- About half of the star systems in Mass Effect greet you with beeping distress beacons, one of the more prominent is a fake and is a lure for a Geth ambush. Only a few are received on time to provide any aid.
- One of the mission objectives in the first Medal of Honor is sending a fake SOS from a German bunker, in order to divert the forces from a guarded pass.
- Metroid is full of this:
- Super Metroid starts with a distress signal from the research station she just delivered the MacGuffin to.
- Metroid Prime: Oddly enough, Space Pirates send a distress beacon that Samus picks up.
- Metroid Prime 2: A Galactic Federation warship crash lands and is under attack by a mysterious foe. They send a final SOS before they are wiped out. Said Federation hires Samus to check it out.
- Metroid Fusion: Samus is infected with The Virus and a research lab treats her before sending her to the Galactic Federation for a cure. While getting a new suit and ship, The Virus breaks out and the research lab sends an SOS for help.
- Metroid: Other M: The "Baby's Cry", a signal meant specifically to attract attention.
- One of the possible endings of Notrium is to successfully send a distress call.
- The first Resident Evil game's plot opens this way. For a squad with the word "Rescue" in its name, the STARS members were awfully unsuccessful at saving their buddies all things considered.
- Not long after boarding the Queen Zenobia in Resident Evil: Revelations, you actually can overhear the Communications Officer repeatedly sending a distress call from inside a sealed room. When you open it up though, he's not exactly human anymore...
Communications Officer: Mayday... mayday... this is the Queen Zenobia... Don't kill me... I'm... human...
- On the horror front, Silent Hill 2 has a "distress letter" from the hero's dead wife!
- Star Fox Assault had two Distress Calls, an ordinary one from Katina (naturally, a trap) and a telepathic one from Sauria (which is pretty much overrun by the time the team gets there, but there are still survivors).
- Likewise in Star Fox Adventures, the story kicks off with Krystal answering a similar distress call from Sauria.
- Zone of the Enders has optional rescue missions that open up after you received a request for aid. Its sequel uses request for aid in a different way: during a fight in which you are severely outnumbered, your allies call for help if they take too much damage.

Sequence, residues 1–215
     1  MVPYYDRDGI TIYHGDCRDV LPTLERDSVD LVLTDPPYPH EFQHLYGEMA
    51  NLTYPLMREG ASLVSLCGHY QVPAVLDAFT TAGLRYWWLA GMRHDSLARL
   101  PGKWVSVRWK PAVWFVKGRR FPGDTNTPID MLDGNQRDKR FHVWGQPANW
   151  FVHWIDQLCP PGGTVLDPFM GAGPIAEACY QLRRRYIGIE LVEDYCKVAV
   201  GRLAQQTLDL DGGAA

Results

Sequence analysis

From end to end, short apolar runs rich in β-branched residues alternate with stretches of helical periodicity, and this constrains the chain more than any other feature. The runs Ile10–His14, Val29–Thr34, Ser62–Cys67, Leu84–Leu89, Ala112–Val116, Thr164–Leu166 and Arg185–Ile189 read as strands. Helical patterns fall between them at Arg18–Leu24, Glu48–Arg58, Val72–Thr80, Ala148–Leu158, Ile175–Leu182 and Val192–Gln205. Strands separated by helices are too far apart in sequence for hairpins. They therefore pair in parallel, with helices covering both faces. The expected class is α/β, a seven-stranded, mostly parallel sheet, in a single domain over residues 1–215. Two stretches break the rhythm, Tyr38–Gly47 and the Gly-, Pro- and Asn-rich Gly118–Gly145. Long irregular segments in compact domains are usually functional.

- The Backstory for X-COM: Terror from the Deep features plenty of Distress Calls: one is sent by the aliens when their Martian base is overrun by vengeful humans, another one is sent by an X-COM submarine pilot whose sub is sunk by aquatic aliens and is not detected until two months later ("I think they're back!"), and many more are sent out by civilian ships and aircraft that disappear before the game commences and the aliens decide to stop hiding.
- In one of the first Order missions in Ground Control, your acting commanding officer tells you he's lost contact with a friendly base and that this could only mean it's under attack from Crayven Corporation forces. Genre Savvy?
- FTL: Faster Than Light has distress beacons which are sometimes genuine and sometimes a trap. Either way, they're usually worth investigating if your ship is ready for battle, and a ship with a lot of augments is useful in non-violent distress situations.
- Mech Assault: A transmission is received from a resistance group fighting against the Word of Blake. It's garbled when you first hear it, but Natalia orders you to go out anyway since they could use the help. By the time you reach the destination, Foster sends you the full transmission, without static:
Transmission: We have risen against the Word of Blake. We made our last stand at Regional Palace. They have destroyed, killed or enslaved all who resist. There's no hope for us here. Save yourself and flee this place.
- A nearly unintelligible phone call motivates Vanessa in Silent Hill: Promise.
- In one segment on Derelict, Deng follows a visible SOS signal to an enormous beached ship called the Goya.
- Jonny Quest TOS. In episodes "The Invisible Monster" and "Pursuit of the Po-Ho" Dr. Benton Quest gets a radio call for help and springs into action.
- Cartoon Network's Toonami block started their second story arc, Lockdown, with a warning beacon. TOM and SARA didn't know it was a warning until it was too late to avoid the danger because the encryption was too old for SARA to crack.